Dangers of the Blood Thinners

Blood thinners are life-saving medications used to treat several conditions, but they are also dangerous drugs associated with many serious side effects. Anticoagulant therapy is often necessary to treat patients suffering from many severe conditions such as valvular-atrial fibrillation (Afib), pulmonary embolism (PE), venous thromboembolism (VTE), deep vein thrombosis (DVT), myocardial infarction. They’re also used as a preventive treatment in patients that have a high thromboembolic potential, like those who recently underwent lower limbs surgery, or were implanted with mechanical heart valve prostheses. The main purpose of these medications is to reduce the risk of dangerous blood clots forming in a patient’s body. If those thrombi do move to delicate organs such as the heart or brain, in fact, the patient could suffer a stroke, which could cause severe injuries or even death (1).

Although anticoagulation therapy is often mandatory in most high-risk patients, it should be noted how this kind of treatment still poses a significant risk because of its significant adverse effects, especially on elderly people. For example, just by looking the FDA medication guide of Xarelto (rivaroxaban), a very well-known Novel Oral Anticoagulant (NOAC) marketed by Janssen Pharmaceuticals and Bayer, the number of side effects is just astonishing. They range from nose and gum bleeding and heavier menstrual or vaginal bleeding to more worrisome ones such as pain, swelling, or new drainage at wound sites (2). Nonetheless, if those weren’t enough, other much more dangerous adverse reactions include gastrointestinal bleeding and life-threatening uncontrollable internal hemorrhages. This kind of accidents has been much more commonly associated with newer NOACs such as Xarelto or Pradaxa (dabigatran) than with older prescriptions (3).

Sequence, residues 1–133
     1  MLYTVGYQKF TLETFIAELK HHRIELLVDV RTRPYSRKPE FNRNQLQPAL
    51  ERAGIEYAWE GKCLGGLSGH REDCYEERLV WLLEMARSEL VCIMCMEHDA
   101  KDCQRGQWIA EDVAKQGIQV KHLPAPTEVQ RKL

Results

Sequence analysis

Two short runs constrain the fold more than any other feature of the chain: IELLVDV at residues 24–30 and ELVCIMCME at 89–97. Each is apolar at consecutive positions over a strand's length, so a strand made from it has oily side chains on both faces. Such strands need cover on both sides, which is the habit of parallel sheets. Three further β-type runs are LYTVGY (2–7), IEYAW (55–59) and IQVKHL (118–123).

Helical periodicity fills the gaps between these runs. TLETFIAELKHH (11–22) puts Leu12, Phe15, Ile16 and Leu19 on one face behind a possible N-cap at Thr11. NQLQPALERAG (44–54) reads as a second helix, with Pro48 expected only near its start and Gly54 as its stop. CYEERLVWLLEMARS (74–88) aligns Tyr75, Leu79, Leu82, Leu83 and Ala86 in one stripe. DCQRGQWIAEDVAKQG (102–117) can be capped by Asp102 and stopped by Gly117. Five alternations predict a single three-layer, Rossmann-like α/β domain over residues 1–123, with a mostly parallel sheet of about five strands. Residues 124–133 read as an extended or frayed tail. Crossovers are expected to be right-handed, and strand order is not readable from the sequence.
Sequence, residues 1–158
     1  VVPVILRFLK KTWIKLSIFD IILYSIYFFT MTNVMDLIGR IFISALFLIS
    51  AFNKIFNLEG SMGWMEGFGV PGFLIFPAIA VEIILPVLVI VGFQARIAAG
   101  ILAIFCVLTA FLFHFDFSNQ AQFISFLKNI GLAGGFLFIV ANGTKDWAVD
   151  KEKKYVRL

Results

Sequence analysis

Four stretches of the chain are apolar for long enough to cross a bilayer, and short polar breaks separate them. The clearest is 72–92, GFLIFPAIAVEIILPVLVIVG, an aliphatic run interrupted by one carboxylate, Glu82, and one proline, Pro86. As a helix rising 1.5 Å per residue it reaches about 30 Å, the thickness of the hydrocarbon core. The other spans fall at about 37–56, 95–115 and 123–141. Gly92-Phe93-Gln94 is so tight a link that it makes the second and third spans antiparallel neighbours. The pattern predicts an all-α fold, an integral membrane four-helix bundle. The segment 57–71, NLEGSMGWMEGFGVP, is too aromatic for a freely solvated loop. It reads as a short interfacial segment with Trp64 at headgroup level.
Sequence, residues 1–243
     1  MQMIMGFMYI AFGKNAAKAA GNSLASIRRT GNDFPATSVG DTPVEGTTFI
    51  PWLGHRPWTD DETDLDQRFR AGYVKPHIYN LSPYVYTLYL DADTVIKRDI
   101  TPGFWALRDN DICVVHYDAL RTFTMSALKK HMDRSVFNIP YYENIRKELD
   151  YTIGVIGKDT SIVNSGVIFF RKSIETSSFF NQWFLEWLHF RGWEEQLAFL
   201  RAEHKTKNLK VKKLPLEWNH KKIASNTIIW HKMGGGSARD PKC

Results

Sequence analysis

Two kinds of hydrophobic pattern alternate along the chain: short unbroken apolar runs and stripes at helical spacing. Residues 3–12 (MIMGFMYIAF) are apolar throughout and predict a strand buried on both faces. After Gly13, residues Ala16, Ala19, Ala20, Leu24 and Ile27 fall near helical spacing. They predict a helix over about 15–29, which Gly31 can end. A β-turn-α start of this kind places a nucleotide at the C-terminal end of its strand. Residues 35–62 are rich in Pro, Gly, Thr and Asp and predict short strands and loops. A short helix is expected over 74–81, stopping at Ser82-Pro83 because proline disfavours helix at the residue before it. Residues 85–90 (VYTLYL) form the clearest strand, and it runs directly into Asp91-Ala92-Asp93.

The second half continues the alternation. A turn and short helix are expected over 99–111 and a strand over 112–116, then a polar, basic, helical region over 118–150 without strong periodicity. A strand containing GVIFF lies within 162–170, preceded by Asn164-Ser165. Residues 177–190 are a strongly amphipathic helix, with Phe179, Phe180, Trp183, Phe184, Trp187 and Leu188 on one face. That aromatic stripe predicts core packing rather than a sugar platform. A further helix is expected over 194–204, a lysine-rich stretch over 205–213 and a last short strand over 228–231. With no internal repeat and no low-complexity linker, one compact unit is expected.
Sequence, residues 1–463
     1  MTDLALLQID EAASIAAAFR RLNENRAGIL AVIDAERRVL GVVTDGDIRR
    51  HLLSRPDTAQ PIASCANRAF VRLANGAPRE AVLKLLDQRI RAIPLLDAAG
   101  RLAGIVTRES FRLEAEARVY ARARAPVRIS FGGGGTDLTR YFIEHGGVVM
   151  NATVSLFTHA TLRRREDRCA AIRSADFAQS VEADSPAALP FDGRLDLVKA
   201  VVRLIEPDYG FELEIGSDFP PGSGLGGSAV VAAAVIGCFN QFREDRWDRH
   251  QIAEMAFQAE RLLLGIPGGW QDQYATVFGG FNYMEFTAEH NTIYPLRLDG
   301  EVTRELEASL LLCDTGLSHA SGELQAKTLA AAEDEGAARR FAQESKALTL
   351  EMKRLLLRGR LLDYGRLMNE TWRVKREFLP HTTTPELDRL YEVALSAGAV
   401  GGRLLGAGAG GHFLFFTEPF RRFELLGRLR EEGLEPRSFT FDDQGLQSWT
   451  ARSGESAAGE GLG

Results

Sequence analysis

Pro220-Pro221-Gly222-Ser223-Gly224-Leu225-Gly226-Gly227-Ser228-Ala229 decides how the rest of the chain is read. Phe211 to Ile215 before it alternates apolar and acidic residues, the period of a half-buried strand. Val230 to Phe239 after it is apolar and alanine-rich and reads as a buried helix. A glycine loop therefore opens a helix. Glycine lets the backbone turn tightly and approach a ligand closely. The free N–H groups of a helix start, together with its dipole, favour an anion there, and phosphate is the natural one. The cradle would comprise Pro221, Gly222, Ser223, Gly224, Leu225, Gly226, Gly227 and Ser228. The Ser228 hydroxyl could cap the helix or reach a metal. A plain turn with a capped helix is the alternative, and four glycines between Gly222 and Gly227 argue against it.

Blood thinners: life-saving at a high-risk cost

Some anticoagulants like Coumadin (Warfarin) also require the patient to be strictly monitored by performing frequent blood testing to adjust the medication’s dosage properly, and to keep it within precisely defined safety ranges (4). Specific dietary restrictions are also required, because many foods containing high levels of Vitamin K such as avocado or spinach may interfere with its mechanism of action, thus reducing its efficacy. What is less known, though, is that many other foods and supplements may actually increase the effects of all anticoagulants (not just Warfarin), as they possess more or less significant blood-thinning properties. Some examples are bilberry, Ginkgo Biloba, pomegranate, red clover, cranberries, licorice but even much more common foods such as celery, garlic, onion or green tea that may possess blood-thinning effects if consumed in larger doses. Alcohol consumption can also be somewhat dangerous, especially in non-chronic, occasional drinkers (5). Ironically, drugs that require constant monitoring and more strict dietary routines often prove to be less dangerous to patients, due to the increased awareness and attention posed towards their safety requirements.